adio frequency identification (RFID) is an enabling technology. By itself, RFID doesn't provide much value, but it does enable companies to develop applications that create value.
RFID describes systems that use radio waves to transmit an object's identity. There are several methods of identifying objects using RFID, but the most common is to store an ID or serial number that identifies a specific product along with other information, on a tag
, which is a small microchip attached to an antenna. The antenna enables the chip to transmit whatever identification information it contains to a reader
. The reader converts the radio waves from the RFID tag into digital information that software systems can use for processing.
Typically, when a reader reads a tag, it passes three things to a host computer system: the tag ID, the reader's own ID, and the time the tag was read. By knowing which readers are in which locations, companies can know where a product is, as well as what it is, and by tracking the tag data by time, they can know everywhere it's been.
How RFID Technology Works
The reader sends out electromagnetic radio waves. The tag's antenna is tuned to receive these waves. A passive RFID tag draws power from the electrical field created by the reader and uses it to power the microchip's circuits. The chip then augments the waves to reflect the data it contains back to the reader, which converts them into digital data.
RFID System Components
A complete typical RFID System is composed of the following four components (see Figure 1).
- RFID tags or transponders
- RFID readers or transceivers
- RFID middleware
- RFID software applications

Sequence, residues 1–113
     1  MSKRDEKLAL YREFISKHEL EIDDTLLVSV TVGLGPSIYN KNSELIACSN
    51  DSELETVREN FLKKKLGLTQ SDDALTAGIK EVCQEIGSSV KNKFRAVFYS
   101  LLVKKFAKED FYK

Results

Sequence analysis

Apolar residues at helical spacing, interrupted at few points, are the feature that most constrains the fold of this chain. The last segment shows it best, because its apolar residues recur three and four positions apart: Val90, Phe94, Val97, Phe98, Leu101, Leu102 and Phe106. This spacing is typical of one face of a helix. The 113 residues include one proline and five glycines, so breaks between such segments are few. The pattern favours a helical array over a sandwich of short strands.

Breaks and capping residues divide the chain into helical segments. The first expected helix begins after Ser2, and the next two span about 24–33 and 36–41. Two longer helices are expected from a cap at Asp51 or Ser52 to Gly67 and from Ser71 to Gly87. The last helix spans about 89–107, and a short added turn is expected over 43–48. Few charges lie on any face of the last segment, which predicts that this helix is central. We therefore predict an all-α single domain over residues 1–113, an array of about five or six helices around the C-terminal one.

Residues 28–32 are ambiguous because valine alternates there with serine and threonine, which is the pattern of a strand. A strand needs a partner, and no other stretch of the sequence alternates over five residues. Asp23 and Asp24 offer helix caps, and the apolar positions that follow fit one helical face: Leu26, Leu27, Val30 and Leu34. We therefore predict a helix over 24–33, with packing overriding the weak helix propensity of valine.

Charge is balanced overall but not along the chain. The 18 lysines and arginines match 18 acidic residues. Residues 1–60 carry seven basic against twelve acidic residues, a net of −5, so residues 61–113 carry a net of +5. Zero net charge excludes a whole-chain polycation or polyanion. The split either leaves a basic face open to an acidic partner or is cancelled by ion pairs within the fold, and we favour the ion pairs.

|Figure 1: Typical RFID System Components. To create a complete RFID system, you need tags, or transponders, a reader, some middleware to increase data accuracy and reduce noise, and software applications to manage the data.|
Radio waves are transmitted and received by an antenna. The antenna is designed to radiate energy and collect radio energy. The antenna functions for both the transmitter and receiver. Thus, an antenna's tasks are to:
- Convert electrical signals to radio waves.
- Collect or receive radio waves and convert into electrical signals.
Tags, also called transponders,
are small devices about the size of a grain of rice, containing a microchip attached to an antenna, and placed on or near the objects to be identified. The tags can be programmed with specific items of information, such as an ID or serial number. When a reader transmits an appropriate radio signals the tag reflects energy to the reader, allowing the tag to identify itself and its data.
Tags are typically differentiated and named according to their operating frequency, memory modes, memory size, type, and packaging, however, there are three basic tags/transponders from which to choose:
- Have a battery, which is used to run the microchip's circuitry and to broadcast a signal to a reader
- Usually operate at 455 MHz, 2.45 GHz, or 5.8 GHz, and typically have a read range of 60 feet to 300 feet
- Are usually used on large assets, such as cargo containers, rail cars, and large reusable containers
- Can be always on alert or can be "awakened" when needed
- Have no power source or transmitter
- Draw power from the reader
- Are cheaper than active tags
- Require no maintenance
- Operate at low frequency, high frequency, and ultra-high frequency
- Combine some traits of both active and passive tags
- Use a battery to run the chip's circuitry, but communicate by drawing power from the reader, and often "sleep" until awakened by a specific reader signal.
To retrieve the data stored on an RFID tag, you need a reader. A typical reader is a device consisting of one or more antennas that emit and receive radio waves. The reader passes digital information converted from radio waves to a computer system.
RFID readers use a variety of methods to communicate with tags. The most common method for reading tags at close range is "inductive coupling," in which the antenna of the reader interacts with the antenna of the tag to create a magnetic field. The tag collects energy from this field and uses that to send back radio waves to the reader.